Perth’s light rail split four ways

By Paul Hemsley

City of Perth Mayor Lisa Scaffidi has proposed four different options for the controversial path of the Western Australian government’s planned light rail route through the centre of the city to keep the new vehicles away from the bustling retail strips of Hay and Murray Street pedestrian malls.

Announced in September 2012 by Minister for Transport Troy Buswell, the light rail through Perth is a central element of the state government plans to help reduce traffic congestion around the city’s inner north.

The state government stated that the light rail would be funded for a total of $15.8 million, including $11.8 million from the state government and $4 million from the Commonwealth.

Perth’s proposed options have focused on using St Georges Terrace or Wellington Street instead the Hay and Murray Street Malls, which are busy pedestrian only areas that the council is averse to disturbing.

The proposed routes cut through The Terraces, an east-west route directly through the city centre expected to reduce bus movements on St Georges Terrace; Wellington Street, which diverts from Hay on to Wellington between William and Barrack.

The remaining route ideas are a “hybrid loop”, which is a single-track loop running clockwise on Wellington street, Barrack street, St Georges Terrace and William street; and a single-loop that runs anti-clockwise on William street, via Elizabeth Quey, Barrack and Wellington.

Ms Scaffidi said that Mr Buswell indicated that the final CBD route for the proposed light rail system had yet to be confirmed before the Western Australian state election that took place on 9th March, 2013.

“With the return of the government, the council now looks forward to the light rail project proceeding,” Ms Scaffidi said.

“It is a visionary project that will greatly improve passenger movements and help to reduce congestion,” she said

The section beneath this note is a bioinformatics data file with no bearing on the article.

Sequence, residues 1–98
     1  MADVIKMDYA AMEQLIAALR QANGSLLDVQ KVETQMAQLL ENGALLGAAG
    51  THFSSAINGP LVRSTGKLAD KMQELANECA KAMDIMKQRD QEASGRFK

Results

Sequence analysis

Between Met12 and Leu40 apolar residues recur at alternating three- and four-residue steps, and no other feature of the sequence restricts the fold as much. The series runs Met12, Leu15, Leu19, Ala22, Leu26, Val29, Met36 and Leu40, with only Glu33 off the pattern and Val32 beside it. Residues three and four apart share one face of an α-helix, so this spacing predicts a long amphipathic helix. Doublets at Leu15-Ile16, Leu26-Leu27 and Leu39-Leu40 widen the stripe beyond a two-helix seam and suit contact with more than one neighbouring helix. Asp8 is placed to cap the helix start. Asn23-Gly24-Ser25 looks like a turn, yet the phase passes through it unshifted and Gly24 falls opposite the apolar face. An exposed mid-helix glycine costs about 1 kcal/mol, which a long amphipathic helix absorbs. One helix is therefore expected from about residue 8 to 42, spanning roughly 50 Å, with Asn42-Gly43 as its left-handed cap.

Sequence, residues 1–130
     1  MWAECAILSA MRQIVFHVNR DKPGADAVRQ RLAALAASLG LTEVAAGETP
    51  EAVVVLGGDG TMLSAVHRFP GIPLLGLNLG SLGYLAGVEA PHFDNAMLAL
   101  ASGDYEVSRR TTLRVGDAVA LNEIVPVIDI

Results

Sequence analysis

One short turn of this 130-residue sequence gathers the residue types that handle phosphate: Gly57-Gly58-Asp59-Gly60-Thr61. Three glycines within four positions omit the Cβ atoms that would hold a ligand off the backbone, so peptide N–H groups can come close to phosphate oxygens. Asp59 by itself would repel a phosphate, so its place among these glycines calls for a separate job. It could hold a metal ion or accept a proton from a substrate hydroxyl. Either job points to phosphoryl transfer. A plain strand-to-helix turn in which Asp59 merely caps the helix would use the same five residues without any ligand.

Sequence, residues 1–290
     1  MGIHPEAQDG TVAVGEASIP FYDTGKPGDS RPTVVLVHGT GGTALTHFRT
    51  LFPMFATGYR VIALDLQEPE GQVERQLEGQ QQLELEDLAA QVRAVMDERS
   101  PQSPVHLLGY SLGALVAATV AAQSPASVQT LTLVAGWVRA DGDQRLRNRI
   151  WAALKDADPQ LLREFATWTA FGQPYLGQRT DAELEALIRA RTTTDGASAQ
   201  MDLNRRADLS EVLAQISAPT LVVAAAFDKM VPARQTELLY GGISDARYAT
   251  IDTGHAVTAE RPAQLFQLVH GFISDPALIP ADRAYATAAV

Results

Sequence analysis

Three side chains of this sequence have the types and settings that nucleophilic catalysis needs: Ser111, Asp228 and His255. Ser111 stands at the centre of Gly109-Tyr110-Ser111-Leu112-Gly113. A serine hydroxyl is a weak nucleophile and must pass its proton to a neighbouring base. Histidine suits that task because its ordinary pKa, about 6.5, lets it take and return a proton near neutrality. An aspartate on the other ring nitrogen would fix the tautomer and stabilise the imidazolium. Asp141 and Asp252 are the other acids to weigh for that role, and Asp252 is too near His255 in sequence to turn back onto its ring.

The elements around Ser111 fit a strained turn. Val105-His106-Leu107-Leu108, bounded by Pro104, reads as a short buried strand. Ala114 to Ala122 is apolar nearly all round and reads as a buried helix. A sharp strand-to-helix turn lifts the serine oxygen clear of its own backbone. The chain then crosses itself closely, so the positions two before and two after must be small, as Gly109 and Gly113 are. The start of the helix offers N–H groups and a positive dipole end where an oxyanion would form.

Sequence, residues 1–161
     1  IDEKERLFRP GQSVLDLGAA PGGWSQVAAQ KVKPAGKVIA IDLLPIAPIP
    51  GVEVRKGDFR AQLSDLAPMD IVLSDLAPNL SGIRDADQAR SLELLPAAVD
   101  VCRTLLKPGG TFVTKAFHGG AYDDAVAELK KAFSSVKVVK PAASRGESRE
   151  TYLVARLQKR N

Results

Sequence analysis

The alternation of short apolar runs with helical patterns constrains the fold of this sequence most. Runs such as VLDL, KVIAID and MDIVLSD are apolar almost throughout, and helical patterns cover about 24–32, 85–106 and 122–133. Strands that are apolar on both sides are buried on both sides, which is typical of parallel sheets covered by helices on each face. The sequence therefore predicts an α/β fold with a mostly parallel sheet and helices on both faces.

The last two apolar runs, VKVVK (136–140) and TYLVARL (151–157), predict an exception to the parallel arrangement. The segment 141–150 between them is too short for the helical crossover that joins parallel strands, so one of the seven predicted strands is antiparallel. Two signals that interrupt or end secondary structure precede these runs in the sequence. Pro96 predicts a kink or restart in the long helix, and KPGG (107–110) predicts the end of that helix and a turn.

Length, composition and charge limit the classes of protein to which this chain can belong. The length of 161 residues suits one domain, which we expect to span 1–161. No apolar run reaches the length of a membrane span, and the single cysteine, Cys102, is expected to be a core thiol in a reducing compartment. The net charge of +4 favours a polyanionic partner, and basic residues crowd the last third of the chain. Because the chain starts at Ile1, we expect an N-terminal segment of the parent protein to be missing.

Ms Scaffidi asserted the council’s commitment to creating a route that does not “jeopardise” the effectiveness and appeal of the Hay and Murray Street pedestrian malls.

She said running two tracks of light rail along the Hay Street Mall would leave very little room for the thousands of pedestrians who walk along it each day.

“[It] would be of no benefit to city traders (given no stops exist along this section of the route),” she said.

“As the local government authority responsible for the CBD, it is vital that the State Government takes into account the planning expertise and experience we have in regard to the area.”

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3 thoughts on “Perth’s light rail split four ways

  1. Taking the trams into the CBD is a no brainer as this will be a major traffic generator and yes you will have to disturb what is there and put stop in there

    There is enough room for pedestrians and trams on this section as it is not high speed and will put life back into your commercial area, just look at Amsterdam, Ghent, Manchester and other European cities – don’t waste this once in a lifetime opportunity

    “The man wi nae whiskers”

  2. In every other place on earth, light rail has brought extra customers and revenue to retail and industrial outlets on its route. UK, USA, Canada, France, Greece, Germany, Japan, Spain, Adelaide. It stands to reason that it won’t bring wealth to Perth, doesn’t it? Not!
    Come on, Perth traders! Look around you! Wake up and smell the bacon! Stop being so ridiculous. And Lisa Scaffidi, shut up until you have studied light rail systems in the rest of the world.
    If it will bring people into the city in comfort, they will spend money there. There is no reason to think otherwise.

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